It takes tangerine trees two-to-three years to mature, a fact most of us don’t know due to our increasing separation from food cultivation as a result of late-stage capitalism.4 Yee intends to place the tangerine peels in the show on top of “plinths” assembled from stacked and folded linens, of both the plain and embroidered pieces that didn’t make it on display. “I feel like in a lot of diasporic Asian art practices people mention cut fruit a lot… their parents didn’t outwardly say they loved them but instead they cut them fruit. I think it enables this lack of communication that’s normalized in a lot of families that seem to send each other food and gifts of wellness instead of talking to each other.” Yee’s comment about this symbolic meaning of cut fruit makes me think about how these non-verbal gestures represent a kind of compassion and vulnerability that families aren’t able to express directly; this notion of there being something more needed to give, but can’t be said out loud. In this way, the concept of family has greatly influenced Tangerine, After Grapefruit as well as Yee’s practice—they even look at this series of works (and others) as “family units.” The imagery of the small family unit is further presented in the way the texts are formatted, like short poems, they simultaneously open the imagination and succinctly conclude ideas, but Yee also feels that there is no distinct conclusion.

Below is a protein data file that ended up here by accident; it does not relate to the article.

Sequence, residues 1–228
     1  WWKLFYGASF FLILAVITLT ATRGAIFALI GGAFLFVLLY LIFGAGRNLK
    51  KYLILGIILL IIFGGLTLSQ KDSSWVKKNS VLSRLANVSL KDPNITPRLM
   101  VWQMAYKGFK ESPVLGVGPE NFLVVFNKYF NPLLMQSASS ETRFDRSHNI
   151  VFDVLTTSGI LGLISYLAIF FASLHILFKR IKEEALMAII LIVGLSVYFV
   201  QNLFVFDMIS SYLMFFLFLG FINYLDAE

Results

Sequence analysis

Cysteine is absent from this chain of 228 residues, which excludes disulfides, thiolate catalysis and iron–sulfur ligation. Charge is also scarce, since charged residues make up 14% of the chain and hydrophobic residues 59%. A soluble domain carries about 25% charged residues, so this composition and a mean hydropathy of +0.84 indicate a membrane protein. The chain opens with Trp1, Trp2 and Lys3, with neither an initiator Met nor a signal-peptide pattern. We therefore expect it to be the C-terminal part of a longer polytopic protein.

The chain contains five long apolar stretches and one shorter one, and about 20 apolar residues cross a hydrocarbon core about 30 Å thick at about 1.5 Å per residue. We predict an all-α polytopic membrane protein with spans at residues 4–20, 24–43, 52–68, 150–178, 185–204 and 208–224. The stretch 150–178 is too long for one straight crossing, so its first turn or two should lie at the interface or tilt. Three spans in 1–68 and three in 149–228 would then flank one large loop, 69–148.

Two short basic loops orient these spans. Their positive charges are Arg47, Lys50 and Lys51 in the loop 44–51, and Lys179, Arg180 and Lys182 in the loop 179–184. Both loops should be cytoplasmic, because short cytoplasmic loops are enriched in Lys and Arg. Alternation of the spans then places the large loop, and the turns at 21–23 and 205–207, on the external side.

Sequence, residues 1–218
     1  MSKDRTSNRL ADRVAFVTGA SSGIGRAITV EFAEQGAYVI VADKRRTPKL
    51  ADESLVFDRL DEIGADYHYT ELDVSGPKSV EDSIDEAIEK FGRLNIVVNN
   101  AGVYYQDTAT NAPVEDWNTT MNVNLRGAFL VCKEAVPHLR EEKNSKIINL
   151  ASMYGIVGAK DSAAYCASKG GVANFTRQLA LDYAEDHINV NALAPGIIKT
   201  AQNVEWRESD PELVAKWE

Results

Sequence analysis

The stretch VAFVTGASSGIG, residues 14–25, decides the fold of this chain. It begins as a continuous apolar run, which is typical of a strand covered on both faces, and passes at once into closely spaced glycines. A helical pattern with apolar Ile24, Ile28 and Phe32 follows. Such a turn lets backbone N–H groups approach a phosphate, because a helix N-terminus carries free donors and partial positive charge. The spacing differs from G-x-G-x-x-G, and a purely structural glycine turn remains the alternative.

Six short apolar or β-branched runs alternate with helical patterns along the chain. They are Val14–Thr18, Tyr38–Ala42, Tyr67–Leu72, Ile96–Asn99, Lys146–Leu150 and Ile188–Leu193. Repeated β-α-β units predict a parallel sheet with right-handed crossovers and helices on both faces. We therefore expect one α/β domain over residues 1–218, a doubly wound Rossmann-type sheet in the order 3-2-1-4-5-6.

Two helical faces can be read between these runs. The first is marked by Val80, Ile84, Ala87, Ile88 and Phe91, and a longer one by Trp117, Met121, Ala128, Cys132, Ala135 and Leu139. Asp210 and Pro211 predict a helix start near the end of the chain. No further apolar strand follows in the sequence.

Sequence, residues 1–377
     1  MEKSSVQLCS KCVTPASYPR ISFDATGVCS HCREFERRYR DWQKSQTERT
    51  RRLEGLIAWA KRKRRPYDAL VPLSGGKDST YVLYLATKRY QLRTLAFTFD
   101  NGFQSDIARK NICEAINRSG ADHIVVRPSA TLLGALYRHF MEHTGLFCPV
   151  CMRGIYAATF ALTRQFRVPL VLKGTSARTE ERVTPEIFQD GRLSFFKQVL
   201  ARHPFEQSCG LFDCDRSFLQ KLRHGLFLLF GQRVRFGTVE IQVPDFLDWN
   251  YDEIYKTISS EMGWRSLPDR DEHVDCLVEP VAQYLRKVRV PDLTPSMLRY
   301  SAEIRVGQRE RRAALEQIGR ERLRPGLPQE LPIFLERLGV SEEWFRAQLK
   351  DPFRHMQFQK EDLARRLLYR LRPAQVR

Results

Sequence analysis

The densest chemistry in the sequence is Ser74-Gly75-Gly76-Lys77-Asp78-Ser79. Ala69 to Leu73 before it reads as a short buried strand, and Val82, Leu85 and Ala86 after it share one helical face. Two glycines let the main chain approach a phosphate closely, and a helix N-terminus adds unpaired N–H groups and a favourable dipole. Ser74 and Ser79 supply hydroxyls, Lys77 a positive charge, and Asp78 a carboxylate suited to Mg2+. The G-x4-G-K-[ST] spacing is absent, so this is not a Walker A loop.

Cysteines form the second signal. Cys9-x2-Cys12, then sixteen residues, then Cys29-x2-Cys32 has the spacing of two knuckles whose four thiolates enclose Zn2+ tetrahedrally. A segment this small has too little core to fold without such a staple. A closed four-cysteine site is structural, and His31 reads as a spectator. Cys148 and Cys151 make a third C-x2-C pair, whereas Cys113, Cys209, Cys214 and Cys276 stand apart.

I also love the idea that there is no conclusion, as it brings me back to the deep emotional- and poetic-pull I get from most of Yee’s work. The instructions explore an in-between realm that is also a collective experience. The embodying of a sensation, how it feels to attempt to connect with someone, successfully or not? If I leave the dirt in the cupboard, will it be there forever? What happens next, would my grandchildren find it? Can I feel the vulnerability of the peels of a tangerine sent to my mailbox? The act of giving to another person is personal. To me, this forms as an ache in my chest that extends to emotions that fuel thoughtfulness. Whether it be presented as a jar of dirt, or a tangerine peel sent in the mail, it is as though the peels are saying: “here is what is left of what I was doing during my day, during time that is not replaceable, as I thought of you. A reminder that you are on my mind even in moments of distance.” This notion extends past a kind of productivity for capitalist’s sake, and it instead reaches into practices of meaning-making for ourselves and how we choose to show love and connection. Exchange Piece knocks on my emotions, invites curiosity, encourages learning, and weaves its way in between the cracks of connection; holding together the truths of what could be, and what is never finished. 


Just Short of Everything runs from January 14 – February 4, 2023 at the Alliance Française Toronto in Toronto, ON.

Feature Image: Please Help Yourself, 2021 by Lan Florence Yee and Arezu Salamzadeh. Photo by Paul Litherland courtesy of the artist.